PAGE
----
The Polish Film Institute (PISF) has transformed the Polish film industry in the first five years of its existence. FNE spoke with Jacek Bromski, President of the Polish Filmmakers Association (SFP) for 14 years, and director of several of Poland's biggest box office hits over the past two decades. Bromski and the SFP drafted and fought for the legislation that established PISF and the two institutions continue to work closely together.
FNE: How do the SFP and PISF work together: How did this begin?
Bromski: The SFP fought for ten years for the new cinema law that established PISF. It was a long struggle and as an indicator of the excellent quality of the legislation other institutions in Hungary and Romania actually copied parts of our draft legislation before we had the right conditions to get it passed in the Polish parliament. They used it before we did. In terms of legislation, we got it right. The SFP fought to establish PISF and we are proud of this achievement. We lobbied for it. We had to wait for the right conditions politically for the new cinema law to be passed. The appointment to the Ministry of Culture of Waldemar Dabrowski who has been a leading figure in the Polish film for many years was an important factor in getting the law passed. The appointment of Agnieszka Odorowicz as head of PISF was mostly my idea. She was already working in the ministry of culture and she has proved to be a very good choice to lead PISF. Cooperation between SFP and PISF is only natural. Together we work on film festivals, promotion and funding for production. The staffs of both organizations work together seamlessly. This is what we have created and we want to ensure we build an organisation that will endure for future generations.
FNE: Can you compare the situation in the Polish film industry five years ago and now.
Bromski: Five years ago before the cinema law was passed and PISF was created the number of feature films was diminishing. We need a minimum of 15 to 20 feature films to be produced annually to have enough for the Festival of Polish Films in Gdynia and the situation in film production had become so bad that we had to include TV films to keep it alive. This industry was dying.
Today 50 films a year are produced. It's easy to make a debut film in Poland, even easier than for experienced filmmakers sometimes. We nurture young talent today in Poland. The programmes of PISF favour debuts. There is Studio MUNK at SFP which also works with young filmmakers; PISF has a number of special programmes for young filmmakers. Our 30 minute film programme and the documentary programme have become part of the first stages in the careers of every young filmmaker in Poland today.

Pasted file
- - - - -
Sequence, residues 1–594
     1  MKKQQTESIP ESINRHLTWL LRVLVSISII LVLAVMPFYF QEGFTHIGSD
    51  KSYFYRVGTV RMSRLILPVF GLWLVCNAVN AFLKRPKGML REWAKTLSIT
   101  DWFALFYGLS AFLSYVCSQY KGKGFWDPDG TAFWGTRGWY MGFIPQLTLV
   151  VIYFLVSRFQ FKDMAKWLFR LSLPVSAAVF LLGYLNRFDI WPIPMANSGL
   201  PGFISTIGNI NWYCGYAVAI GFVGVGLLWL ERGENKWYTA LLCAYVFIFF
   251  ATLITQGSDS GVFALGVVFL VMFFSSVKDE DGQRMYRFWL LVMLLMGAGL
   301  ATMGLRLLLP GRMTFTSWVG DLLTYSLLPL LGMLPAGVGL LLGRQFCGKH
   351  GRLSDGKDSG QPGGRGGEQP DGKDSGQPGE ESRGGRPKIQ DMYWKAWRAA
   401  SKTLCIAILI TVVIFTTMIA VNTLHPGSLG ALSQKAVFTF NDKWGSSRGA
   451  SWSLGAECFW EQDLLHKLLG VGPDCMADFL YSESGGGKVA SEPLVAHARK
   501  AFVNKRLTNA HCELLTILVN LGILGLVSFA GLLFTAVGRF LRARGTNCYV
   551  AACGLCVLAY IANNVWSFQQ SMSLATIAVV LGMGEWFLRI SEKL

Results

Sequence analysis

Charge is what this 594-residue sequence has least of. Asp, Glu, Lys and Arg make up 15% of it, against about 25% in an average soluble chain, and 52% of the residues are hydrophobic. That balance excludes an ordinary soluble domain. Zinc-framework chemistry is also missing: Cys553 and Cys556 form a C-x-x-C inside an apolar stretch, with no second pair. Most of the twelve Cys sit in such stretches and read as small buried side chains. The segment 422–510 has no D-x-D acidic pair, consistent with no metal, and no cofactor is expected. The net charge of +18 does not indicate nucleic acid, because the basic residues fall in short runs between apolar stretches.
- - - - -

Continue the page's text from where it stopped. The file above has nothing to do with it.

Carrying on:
Today the film industry in Poland is thriving. Once you have the structure, then the talent is there and it will develop.
FNE: What has been the greatest accomplishment of PISF in these first five years?
Bromski: The most important achievement has been to convince those who have to pay for the budget of PISF that it's being spent in the right way. And they have no complaints; TV is one of the main sources that our funding comes from. They see that PISF is very well administered. They see the benefits. Films are produced that can be shown on TV channels like Polsat and TVN.
FNE: How do you see the next five years?
Bromski: Odorowicz was reelected for another five years and this was a vote of confidence. She is a very good manager. She could be running a big company or a bank and be successful, she adapted into the film milieu, because she really cares about the films. Polish filmmakers obviously support PISF and support Odorowicz.
About the next five years. We felt then we won the battle to pass the cinema law that we don't have to fight anymore, but it's not true, every year there are new elections and the next parliament could say they want to give the funding that now goes to Polish film to something else like football or something. But cinema is not only art but an industry. It needs a serious funding to go on. So we have to keep alert. We have achieved a lot but we cannot rest on those achievements. We have to continue to work.